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Colorado Water Science Center

EFFECT OF FUEL OXIDANTS ON THE DEGRADATION OF GASOLINE COMPONENTS IN AQUIFER SEDIMENTS

National Water-Quality Assessment (NAWQA) Program
South Platte River Basin Study

by Peter B. McMahon, Rick Crowfoot 1, and Duane Wydoski 2

ABSTRACT

Methyl tert-butyl ether (MTBE) was the organic contaminant most often detected during a recent regional study of shallow groundwater in the Denver, Colorado metropolitan area. Those findings prompted a study on the effect of fuel oxidants (ethanol and MTBE) on the degradation of gasoline components (toluene and benzene) in aquifer sediments. The compounds ethanol or MTBE were added in concentrations of 0, 200, 2,000, or 20,000 ppb to sediment incubations containing 200 ppb of either toluene or benzene. Concentrations were selected to reflect the range of concentrations measured during the regional study. Experiments were carried out under oxic and under methanogenic conditions. Results indicated that ethanol increased rates of toluene degradation by about 30 percent under oxic and methanogenic conditions but decreased rates of benzene degradation by about 8 times compared to incubations having no ethanol. Rates of toluene degradation were inversely related to MTBE concentration. The highest MTBE concentration decreased toluene degradation rates by about 10 percent compared to rates in treatments having no MTBE. MTBE additions decreased rates of benzene degradation by as much as 5 times compared to incubations having no MTBE. Measurements of CO2 and CH4 production indicated that lower concentrations of ethanol may have promoted toluene degradation by cometabolic processes whereas elevated concentrations of MTBE may have initially inhibited microbial activity in the sediments. After 100 days of incubation, all of the MTBE in the 20,000 ppb MTBE/oxic treatment was consumed compared to no measurable decrease in MTBE concentrations in any other treatments. Results from this study indicate that fuel oxidants have a measurable effect on the degradation rate of gasoline components and need to be taken into account when modeling degradation processes in sediments contaminated with fuel oxidant-containing gasoline.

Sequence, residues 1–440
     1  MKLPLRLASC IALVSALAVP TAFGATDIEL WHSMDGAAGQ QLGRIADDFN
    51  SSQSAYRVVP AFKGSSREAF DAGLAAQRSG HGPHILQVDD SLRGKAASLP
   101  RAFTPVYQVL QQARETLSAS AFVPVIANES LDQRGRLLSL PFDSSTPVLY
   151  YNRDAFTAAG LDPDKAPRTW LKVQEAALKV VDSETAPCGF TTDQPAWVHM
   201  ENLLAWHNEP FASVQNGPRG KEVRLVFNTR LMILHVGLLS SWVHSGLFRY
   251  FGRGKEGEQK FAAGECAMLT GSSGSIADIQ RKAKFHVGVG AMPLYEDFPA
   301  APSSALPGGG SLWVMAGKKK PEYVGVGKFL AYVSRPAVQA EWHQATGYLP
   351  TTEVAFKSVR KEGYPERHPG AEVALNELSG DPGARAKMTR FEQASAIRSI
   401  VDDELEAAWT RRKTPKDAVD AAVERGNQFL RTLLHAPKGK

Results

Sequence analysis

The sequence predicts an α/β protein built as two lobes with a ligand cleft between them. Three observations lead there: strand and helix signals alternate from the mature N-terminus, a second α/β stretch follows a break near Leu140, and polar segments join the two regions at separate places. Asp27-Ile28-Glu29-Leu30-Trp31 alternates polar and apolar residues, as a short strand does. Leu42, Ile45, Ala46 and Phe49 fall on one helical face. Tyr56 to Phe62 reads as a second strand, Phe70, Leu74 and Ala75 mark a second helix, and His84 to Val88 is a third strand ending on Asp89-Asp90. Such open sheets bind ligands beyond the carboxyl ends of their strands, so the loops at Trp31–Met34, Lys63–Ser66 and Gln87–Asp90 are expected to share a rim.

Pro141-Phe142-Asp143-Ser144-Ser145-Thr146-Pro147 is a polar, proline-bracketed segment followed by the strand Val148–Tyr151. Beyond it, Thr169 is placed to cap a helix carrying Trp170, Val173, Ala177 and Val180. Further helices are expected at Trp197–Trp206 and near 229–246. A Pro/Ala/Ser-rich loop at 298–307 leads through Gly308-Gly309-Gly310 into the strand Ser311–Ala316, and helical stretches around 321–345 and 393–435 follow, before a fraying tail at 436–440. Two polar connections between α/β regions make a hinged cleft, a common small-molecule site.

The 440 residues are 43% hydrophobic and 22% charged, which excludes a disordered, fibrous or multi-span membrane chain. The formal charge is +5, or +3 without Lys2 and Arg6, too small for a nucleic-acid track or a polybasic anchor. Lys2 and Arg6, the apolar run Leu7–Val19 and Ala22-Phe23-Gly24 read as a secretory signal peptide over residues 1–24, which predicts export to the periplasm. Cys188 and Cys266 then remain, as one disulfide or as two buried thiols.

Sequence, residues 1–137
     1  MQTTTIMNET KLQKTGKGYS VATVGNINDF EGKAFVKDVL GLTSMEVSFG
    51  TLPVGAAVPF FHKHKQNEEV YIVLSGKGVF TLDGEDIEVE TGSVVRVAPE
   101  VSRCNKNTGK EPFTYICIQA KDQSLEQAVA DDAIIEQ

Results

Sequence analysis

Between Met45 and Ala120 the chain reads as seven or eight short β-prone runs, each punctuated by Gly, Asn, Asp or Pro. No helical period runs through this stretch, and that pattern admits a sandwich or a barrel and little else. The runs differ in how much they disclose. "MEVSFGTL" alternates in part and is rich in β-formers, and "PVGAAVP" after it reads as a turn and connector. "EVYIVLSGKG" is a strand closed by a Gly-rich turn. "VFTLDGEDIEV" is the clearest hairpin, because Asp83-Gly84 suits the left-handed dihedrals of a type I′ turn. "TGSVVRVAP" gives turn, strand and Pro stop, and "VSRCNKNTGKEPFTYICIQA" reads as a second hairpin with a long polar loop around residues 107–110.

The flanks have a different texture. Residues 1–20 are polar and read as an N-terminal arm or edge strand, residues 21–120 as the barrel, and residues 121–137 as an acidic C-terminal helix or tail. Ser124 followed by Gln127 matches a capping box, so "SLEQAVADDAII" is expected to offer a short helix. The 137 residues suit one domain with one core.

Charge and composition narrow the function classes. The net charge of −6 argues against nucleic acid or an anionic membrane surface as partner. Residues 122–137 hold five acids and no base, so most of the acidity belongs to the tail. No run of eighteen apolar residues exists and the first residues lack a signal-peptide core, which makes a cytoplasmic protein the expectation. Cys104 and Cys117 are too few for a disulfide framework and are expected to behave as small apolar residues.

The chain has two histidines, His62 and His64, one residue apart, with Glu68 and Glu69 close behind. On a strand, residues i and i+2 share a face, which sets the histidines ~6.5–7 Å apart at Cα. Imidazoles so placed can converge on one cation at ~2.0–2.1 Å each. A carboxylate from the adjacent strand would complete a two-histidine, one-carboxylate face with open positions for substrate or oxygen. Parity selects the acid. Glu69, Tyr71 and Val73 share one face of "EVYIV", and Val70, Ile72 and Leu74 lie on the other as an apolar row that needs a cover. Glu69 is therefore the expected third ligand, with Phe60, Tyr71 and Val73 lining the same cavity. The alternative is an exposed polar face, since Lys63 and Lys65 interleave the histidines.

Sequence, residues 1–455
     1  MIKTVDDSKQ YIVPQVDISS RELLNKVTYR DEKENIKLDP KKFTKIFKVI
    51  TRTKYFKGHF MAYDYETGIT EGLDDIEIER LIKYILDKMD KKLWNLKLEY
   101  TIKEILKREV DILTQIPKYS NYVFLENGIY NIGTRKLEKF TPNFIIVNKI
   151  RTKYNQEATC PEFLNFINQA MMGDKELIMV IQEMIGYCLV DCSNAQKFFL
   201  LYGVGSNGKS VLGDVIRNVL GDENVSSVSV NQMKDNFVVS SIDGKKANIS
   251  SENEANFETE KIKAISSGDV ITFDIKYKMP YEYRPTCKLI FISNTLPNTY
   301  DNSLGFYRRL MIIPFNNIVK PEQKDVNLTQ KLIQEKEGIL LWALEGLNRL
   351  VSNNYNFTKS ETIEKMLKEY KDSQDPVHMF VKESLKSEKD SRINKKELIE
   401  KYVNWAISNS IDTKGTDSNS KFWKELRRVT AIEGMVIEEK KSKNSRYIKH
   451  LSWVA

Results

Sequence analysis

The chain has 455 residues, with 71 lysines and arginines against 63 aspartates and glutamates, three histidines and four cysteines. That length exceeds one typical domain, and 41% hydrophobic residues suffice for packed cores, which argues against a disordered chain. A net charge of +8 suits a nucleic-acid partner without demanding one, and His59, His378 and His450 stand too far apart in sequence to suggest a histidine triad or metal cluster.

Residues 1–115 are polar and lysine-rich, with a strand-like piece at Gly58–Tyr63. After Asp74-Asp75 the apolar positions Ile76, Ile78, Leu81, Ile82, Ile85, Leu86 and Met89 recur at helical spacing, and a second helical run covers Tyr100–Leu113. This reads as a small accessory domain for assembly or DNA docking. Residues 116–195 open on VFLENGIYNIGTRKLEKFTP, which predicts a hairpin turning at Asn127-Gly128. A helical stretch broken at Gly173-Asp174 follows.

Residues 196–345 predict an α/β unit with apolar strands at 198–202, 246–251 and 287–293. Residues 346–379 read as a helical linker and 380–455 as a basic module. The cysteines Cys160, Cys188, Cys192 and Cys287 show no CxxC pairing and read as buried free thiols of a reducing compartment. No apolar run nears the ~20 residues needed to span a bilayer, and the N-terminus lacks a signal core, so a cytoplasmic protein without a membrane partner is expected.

1 U.S. Geological Survey, Box 25046, MS 415, Denver Federal Center, Lakewood, CO 80225
2 U.S. Geological Survey, 5293 Ward Rd., MS407, National Water-Quality Laboratory, Arvada, CO 80002

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